“And then, existence is tedious, anyway; it is a senseless, dirty business, this life, and goes heavily. Everyone about here is silly, and after living with them for two or three years one grows silly oneself. It is inevitable,” Astrov, the disillusioned dreamer in Chekhov’s tragi-comedy Uncle Vanya, confides in the old nurse Marina.
In Cold Souls, Paul Giamatti, playing the rarified, sensitive actor, Paul Giamatti, has burdened his soul with the travails and world-weariness of Chekhov’s Vanya. “What happened to your sense of humour for Christ sakes?” the director asks him after a harrowing recitation of a Vanya soliloquy during rehearsal. The camera pans about him, making the huge, empty theatre seem as claustrophobic as an understudy’s dressing room.
Giamatti desires to continue playing the great part, but at what cost to his soul? His heart literally pangs, he wears his worries in his stomach, Vanya is too all consuming. In his lonely apartment, contemplating suffering over a finger or two of whisky, he picks up a copy of the New Yorker his agent has referred to him, and reads about the new fandangled process of soul extraction. Could he really part with his soul for just a couple of weeks to see out the play?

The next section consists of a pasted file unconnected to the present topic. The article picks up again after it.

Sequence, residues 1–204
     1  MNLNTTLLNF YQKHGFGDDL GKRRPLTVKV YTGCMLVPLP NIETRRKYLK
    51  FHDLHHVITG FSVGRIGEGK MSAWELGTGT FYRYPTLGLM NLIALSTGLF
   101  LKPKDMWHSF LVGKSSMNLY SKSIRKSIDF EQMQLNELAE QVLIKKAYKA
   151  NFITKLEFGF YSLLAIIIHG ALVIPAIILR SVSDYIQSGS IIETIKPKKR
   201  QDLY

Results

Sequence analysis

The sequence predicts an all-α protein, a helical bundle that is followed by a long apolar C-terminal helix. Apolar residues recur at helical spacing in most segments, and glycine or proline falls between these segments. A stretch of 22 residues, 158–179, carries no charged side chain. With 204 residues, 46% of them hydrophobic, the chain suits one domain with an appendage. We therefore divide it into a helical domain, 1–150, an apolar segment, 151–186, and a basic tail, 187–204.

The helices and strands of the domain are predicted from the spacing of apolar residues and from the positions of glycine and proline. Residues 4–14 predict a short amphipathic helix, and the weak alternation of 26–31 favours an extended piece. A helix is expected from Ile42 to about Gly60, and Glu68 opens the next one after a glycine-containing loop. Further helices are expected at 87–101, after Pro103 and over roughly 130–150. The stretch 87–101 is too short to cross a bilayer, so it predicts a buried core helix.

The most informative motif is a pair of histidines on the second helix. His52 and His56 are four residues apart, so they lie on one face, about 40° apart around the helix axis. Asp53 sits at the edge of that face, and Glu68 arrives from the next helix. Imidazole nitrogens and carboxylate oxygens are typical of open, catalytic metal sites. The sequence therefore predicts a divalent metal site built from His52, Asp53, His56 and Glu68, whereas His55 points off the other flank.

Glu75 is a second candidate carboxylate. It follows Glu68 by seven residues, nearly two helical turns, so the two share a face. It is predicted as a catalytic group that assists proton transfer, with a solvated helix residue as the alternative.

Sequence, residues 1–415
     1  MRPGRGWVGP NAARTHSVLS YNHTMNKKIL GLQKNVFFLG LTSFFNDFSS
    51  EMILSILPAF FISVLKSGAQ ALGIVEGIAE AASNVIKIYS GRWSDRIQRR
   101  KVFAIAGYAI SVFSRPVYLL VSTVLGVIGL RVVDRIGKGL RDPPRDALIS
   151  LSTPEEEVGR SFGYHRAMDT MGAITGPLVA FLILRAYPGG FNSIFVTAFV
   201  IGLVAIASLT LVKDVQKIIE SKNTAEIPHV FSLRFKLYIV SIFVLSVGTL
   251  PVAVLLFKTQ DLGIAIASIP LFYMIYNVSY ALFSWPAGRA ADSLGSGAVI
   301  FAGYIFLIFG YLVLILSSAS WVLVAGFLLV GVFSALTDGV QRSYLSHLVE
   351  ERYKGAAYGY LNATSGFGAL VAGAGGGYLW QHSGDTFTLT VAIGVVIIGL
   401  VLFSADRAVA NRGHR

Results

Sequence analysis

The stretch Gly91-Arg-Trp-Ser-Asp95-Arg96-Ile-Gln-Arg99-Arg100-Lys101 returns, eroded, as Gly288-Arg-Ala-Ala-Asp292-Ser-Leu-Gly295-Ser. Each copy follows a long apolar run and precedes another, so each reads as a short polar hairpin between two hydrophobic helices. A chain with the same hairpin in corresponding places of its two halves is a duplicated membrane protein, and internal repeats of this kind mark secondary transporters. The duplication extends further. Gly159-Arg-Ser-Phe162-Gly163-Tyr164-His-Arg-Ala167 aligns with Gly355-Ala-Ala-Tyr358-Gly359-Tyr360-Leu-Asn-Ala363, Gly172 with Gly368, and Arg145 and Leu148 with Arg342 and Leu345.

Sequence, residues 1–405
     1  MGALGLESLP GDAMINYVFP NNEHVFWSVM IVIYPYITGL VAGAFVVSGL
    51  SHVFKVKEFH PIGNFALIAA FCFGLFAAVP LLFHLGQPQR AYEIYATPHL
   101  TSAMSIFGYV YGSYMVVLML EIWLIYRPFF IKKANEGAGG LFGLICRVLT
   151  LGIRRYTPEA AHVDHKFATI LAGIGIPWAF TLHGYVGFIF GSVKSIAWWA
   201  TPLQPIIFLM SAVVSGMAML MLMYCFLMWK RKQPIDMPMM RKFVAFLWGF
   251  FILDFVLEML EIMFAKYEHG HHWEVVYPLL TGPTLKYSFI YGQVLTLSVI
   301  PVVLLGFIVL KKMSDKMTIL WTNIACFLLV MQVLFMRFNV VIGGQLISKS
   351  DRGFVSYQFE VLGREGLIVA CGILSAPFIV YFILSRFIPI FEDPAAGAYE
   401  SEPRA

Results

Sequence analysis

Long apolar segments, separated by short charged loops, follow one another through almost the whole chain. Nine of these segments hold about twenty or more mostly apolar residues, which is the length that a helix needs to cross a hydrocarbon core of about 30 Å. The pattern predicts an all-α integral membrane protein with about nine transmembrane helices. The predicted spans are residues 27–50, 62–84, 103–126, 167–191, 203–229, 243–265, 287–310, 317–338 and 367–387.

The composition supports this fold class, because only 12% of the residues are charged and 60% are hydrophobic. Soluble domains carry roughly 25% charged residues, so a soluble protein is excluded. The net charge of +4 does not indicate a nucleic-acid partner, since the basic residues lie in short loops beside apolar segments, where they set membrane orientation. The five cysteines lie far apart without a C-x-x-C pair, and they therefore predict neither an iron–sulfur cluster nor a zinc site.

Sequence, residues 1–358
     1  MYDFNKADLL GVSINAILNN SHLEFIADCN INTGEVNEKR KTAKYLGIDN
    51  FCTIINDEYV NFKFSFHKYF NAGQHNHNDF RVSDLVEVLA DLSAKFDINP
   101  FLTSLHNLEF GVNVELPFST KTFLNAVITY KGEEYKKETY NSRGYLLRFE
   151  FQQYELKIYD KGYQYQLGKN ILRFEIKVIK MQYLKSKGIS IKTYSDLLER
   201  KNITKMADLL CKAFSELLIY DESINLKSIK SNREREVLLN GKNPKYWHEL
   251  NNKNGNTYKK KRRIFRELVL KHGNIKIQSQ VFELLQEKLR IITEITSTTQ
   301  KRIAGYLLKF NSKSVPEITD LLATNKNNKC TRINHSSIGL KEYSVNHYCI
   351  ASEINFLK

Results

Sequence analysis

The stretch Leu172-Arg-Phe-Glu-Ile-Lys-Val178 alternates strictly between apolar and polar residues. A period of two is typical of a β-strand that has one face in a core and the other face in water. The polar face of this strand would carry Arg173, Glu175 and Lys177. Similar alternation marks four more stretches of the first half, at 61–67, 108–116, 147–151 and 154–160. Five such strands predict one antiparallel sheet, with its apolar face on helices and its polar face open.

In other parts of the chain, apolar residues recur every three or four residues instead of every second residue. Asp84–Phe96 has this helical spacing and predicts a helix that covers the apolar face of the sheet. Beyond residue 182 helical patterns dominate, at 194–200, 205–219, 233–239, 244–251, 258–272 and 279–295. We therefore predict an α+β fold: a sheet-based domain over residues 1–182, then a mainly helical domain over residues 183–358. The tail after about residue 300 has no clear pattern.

Giamatti tries his luck. “I don’t need to be happy, I just don’t want to suffer,” he tells Dr. Flinstein, played ever-brilliantly by David Strathairn. Giamatti peruses some extracted souls, greyish blackish blobs of seeming nothingness. “Geez, how did we get to this point?” asks Giamatti. Un-ironically, Flinstein replies, “Progress, triumph of the mind.”
But the process isn’t out of the experimental stage yet, and while Giamatti professes to be “hollow” and “light,” he plays Vanya in the next rehearsal with a crudity not becoming of Chekhov’s sensitive, melancholic Vanya. He can’t make love to his wife. He is unapologetically offensive. In other words, he is numb. He wants to be complete again: he wants it back. But his “chickpea” of a soul, is missing.
Giamatti sets out to retrieve his chickpea with the help of a tired, soul-mule, Nina, whose excessive soul-intake has left its “residue,” as she bears the burden of all the souls who have cruised through her to be sold as a modern times panacea.
Just as Nina becomes a tapestry, painted by the fragments of each soul she smuggles, you can construe the concept of “residue” as metaphor for the acting profession. Just as Giamatti is paid to project a multitude of characters on his person, does he not come to be inflected by those he plays? To wear their personas, memories and, ennui?
Cold Souls is a delightful, delicious cinematic treat and I was happy and willing for it to leave its residue on my soul. Criticised by some reviewers for being too Charlie Kaufman-esque, I think we see enough of the same boring films over and over again without such consternation. If a film is an ode to a rare style, albeit an established one, why make such a fuss? I say, more chickpeas, please.